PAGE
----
Welcome to Bugging Me Right Now, a recurring blog segment that deals with entertainment news The Fame Fatale can't seem to shake. (Another thing that has me obsessed: Finding a better name for this friggin' segment.)
This week, what's bugging me is Wade Robson. You'll remember Wade Robson as the 30-year-old dancer who, as a child, was totally, completely not being abused by Michael Jackson. Cut to a few weeks ago, and get this: Wade Robson was absolutely positively abused by Jackson. So sayeth Wade Robson.
How do I know this? Because Robson, who defended Jackson's honor during his 2005 molestation trial, has now filed a claim against the dead singer's estate. The jist of Robson's argument: That he didn't know that his childhood activities with Jackson constituted abuse, until more recently, when Robson went through therapy. Now, Robson knows he's a victim, and he wants compensation.
Here's the problem: The statutes of limitation. No matter what starting-line you use-the date of Jackson's death, the dates of the alleged abuses, the date when Robson first had his apparent epiphany-those statues are long expired. And Robson seems to know that.
Which brings me to my current obsession: The odds are so, so stacked against this guy. So what. The frack. Does Robson. Think. He is doing.
In between tearing out my hair in bloody chunks, I reached out to a couple of lawyers who specialize in this stuff. (Not abuse-epiphany stuff. Suing-dead-people stuff.) And they calmed me the hell down. They explained that there are a couple of very solid, very logical reasons for Robson's apparent kamikaze mission.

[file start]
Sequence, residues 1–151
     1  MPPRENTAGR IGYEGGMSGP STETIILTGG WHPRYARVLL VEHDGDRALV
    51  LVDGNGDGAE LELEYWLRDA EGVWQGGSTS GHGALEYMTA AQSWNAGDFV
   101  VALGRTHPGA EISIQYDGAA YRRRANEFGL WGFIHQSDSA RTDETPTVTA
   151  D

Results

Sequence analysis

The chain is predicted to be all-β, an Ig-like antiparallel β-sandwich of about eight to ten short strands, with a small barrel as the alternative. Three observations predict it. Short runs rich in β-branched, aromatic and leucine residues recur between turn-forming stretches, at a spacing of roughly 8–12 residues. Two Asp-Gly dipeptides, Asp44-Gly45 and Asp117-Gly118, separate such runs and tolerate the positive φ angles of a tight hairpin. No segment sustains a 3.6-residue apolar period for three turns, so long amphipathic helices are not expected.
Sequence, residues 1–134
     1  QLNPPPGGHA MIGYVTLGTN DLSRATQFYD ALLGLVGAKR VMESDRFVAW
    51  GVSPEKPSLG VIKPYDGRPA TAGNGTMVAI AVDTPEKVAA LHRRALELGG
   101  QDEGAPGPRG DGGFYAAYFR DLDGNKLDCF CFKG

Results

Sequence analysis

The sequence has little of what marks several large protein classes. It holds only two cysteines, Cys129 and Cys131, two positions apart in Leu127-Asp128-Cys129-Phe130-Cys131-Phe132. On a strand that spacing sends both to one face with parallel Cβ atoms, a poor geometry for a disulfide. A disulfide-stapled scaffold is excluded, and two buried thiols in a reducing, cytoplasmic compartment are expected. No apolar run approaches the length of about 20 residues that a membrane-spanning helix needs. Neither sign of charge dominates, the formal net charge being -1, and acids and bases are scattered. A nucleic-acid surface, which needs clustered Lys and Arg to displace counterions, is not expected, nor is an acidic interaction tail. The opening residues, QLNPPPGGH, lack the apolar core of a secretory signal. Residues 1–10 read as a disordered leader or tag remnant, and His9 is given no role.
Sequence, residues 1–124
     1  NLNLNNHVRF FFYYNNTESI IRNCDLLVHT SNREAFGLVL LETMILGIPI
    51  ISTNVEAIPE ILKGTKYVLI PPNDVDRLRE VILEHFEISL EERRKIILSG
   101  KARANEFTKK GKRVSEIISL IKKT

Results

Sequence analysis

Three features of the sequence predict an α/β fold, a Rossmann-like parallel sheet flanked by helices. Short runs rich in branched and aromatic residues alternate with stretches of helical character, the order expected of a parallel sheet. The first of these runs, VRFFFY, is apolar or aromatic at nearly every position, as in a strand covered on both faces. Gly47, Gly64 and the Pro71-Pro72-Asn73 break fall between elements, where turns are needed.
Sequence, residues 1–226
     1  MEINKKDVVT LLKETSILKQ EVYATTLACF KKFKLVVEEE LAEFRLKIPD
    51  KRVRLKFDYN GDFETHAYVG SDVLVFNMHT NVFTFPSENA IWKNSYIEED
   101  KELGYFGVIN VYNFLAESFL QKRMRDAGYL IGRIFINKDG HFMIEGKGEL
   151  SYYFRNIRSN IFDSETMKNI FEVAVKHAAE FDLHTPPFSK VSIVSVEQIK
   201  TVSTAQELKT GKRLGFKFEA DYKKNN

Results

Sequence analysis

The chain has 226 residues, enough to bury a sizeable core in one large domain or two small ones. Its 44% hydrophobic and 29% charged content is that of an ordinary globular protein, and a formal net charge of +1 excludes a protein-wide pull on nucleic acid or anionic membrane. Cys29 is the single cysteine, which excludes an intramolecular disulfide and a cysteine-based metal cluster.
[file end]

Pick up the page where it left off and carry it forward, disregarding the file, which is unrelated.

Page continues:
Attorney Irwin Feinberg notes that, even if Robson never wins a dime from the Jackson estate, the dancer's public filing and subsequent press coverage has garnered something much more valuable.
"Other than a hail-Mary pass at trying to get this claim heard, I think he's just hoping on getting publicity," Feinberg notes. And publicity equals potential interest from press. The kind of press that pays thousands of dollars for exclusive interviews. Or maybe Robson crafts a book deal and earns himself a nice, hefty advance.
Mission accomplished. Robson now has money.
The other possible strategy is that Robson thinks he can play a long game against the Jackson estate.
"Oftentimes," notes Greenberg Glusker's Ricardo Cestero, "people will file incredibly long-shot claims and come up with novel arguments about why they should be allowed to get around the statutes, on the off chance that they can convince a judge that their arguments pass the smell test."
Then, as he and colleague Laura Zwicker explained to me, "they get the case far enough along where the executor of the estate will say, 'You know what? Here's a few hundred thousand dollars to go away, because we don't want to keep fighting this case'."
And I am now officially at peace. Hairless. But at peace.
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